Written in secret during the darkest days of Stalinism, Bulgakov's novel The Master and Margarita is one hell of a read. I read it in Madagascar- Peace Corps service is a great time to do some pleasure reading, when you're stuck in a small village with nothing much to do at night except read by candlelight (and, I suppose, check out the occasional video night at my neighbor's). The novel bases itself on a very simple premise. What happens when the Devil appears in the midst of a society which has convinced itself God does not exist? Sometime during the brilliant first chapter, Woland (i.e. the Devil) asks the young Soviet intellectual Bezdomny, who thinks he has airily dismissed all of the six classic proofs of the existence of God, "What about the seventh proof?"
It isn't immediately clear what the seventh proof is, but it becomes clearer later on. It could either mean the proof of God through direct experience- through mysticism or through witnessing miracles. Or it could mean the inference that in a world full of evil, the devil must necessarily exist, and the existence of the devil necessitates the existence of God.
I think this last argument is quite interesting- both subtle and, to me, compelling. Moreover, it may speak better to an age which has witnessed such a wide variety of natural and moral evil- from the Holocaust to September 11, and from the Indonesian tsunami to the emergence of deadly plagues that threaten human existence. Does the existence of evil in the world, in a subtle way, suggest the existence of God?
I think that this argument is, in some measure, valid. I don't necessarily believe in the orthodox picture of the devil, Satan/Lucifer and all that- much of that picture is not even specified in Christian scripture. But I do believe, as firmly as I believe there is a God, that there is some extreme and terrible force in the universe opposed to God- as chaos opposes order, darkness opposes light, and negative opposes positive. What the nature of that power of evil is, whether it was coeternal with God (I can see I'm flirting with heresy here), and whether it was evil in the beginning, I have no way of knowing. I do hold the (unorthodox) view that God cannot, even if he wanted to, completely extinguish the evil power, and that therefore evil is as much an eternal component of reality as good.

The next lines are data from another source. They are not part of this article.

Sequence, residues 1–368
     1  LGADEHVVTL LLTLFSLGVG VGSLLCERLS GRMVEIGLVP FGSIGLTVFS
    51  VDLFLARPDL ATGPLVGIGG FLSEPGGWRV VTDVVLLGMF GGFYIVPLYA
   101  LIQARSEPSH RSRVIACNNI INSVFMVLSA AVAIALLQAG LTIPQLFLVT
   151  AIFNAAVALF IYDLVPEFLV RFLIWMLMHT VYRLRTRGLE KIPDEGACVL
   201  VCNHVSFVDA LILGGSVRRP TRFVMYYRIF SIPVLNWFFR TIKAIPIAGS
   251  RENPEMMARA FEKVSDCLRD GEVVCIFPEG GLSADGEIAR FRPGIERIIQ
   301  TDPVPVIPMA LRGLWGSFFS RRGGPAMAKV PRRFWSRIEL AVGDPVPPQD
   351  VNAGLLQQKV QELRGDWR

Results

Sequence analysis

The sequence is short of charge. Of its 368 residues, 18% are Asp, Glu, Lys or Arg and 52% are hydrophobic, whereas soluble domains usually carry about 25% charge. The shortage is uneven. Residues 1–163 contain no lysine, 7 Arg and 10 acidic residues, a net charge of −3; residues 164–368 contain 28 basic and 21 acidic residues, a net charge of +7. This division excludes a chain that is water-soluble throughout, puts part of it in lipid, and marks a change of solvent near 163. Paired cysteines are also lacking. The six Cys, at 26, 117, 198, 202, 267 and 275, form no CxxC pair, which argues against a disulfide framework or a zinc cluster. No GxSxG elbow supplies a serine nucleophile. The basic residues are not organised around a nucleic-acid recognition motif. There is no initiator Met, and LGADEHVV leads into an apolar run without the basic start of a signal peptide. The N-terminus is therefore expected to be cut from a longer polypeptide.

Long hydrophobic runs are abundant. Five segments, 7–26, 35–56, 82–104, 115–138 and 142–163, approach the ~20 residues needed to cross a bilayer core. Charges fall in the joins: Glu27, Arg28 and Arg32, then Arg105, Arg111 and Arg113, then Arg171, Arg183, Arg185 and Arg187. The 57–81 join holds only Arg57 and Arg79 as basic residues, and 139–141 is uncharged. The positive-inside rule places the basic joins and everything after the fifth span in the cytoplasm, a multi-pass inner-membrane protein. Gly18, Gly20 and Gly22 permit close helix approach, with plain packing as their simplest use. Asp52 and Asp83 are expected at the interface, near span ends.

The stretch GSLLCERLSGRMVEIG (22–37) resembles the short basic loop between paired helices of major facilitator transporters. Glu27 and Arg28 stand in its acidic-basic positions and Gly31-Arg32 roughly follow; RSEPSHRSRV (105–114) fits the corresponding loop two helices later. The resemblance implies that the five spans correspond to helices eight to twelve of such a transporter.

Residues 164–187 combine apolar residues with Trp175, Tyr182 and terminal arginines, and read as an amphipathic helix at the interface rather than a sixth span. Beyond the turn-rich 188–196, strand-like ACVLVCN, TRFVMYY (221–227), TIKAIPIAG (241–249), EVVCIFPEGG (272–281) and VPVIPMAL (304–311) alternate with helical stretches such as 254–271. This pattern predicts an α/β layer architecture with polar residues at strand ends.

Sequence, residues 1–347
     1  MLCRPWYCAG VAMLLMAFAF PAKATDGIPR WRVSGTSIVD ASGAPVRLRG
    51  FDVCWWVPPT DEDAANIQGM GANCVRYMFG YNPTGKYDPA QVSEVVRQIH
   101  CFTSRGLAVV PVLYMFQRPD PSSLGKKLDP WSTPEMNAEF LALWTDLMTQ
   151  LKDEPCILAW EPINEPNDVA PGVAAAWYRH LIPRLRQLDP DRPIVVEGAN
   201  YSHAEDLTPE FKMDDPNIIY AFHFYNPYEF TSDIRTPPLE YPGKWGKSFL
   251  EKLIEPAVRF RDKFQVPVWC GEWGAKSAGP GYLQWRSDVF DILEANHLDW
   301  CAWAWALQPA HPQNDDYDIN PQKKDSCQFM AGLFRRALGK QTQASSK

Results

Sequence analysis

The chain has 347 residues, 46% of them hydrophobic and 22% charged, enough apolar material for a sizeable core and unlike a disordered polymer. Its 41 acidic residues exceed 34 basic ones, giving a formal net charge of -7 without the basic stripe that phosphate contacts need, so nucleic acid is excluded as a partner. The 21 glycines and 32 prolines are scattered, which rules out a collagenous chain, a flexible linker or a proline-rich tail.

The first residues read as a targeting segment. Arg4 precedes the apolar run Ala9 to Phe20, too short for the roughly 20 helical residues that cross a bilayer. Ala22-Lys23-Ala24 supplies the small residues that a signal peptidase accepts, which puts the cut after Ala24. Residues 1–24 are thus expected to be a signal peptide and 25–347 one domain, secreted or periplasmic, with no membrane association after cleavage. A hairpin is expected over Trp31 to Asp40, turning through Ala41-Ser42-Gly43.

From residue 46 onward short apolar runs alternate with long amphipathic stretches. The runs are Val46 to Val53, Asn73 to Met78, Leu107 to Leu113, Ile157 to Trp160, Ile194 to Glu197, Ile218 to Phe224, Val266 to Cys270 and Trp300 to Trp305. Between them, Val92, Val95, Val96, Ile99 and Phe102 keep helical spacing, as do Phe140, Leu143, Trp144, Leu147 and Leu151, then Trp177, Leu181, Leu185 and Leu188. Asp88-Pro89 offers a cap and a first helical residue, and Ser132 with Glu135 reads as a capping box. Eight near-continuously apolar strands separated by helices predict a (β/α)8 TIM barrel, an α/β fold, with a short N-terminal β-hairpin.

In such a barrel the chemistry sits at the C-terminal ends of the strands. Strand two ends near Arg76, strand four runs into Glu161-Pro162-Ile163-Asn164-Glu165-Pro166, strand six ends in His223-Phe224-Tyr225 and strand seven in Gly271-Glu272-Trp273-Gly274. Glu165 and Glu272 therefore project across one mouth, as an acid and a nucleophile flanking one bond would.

In essence, I am convinced that at the back of everything, behind every drama that we see played out in history, in nature, in the world at large and in our own souls, this is a universe at war, between a good Power and an evil one: between the perfection of good, and the perfection of evil. Not a show battle either, not a trial of strength: a deadly serious war in which every victory, over every soul, means something. This makes the most sense to me of any cosmological concept I've seen. This universe has two basic number senses, two electrical polarities, two plane dimensions, and ultimately, two spiritual forces.
While it may sometimes be difficult to perceive the hand of God in the world, it isn't as difficult (at least for me) to perceive the influence of that nameless evil power. We can see its influence every time we consult the newspaper or the pages of history- or reflect on our own souls. How do you explain Hitler, for example, on a purely naturalistic, materialistic level? Why did he do what he did?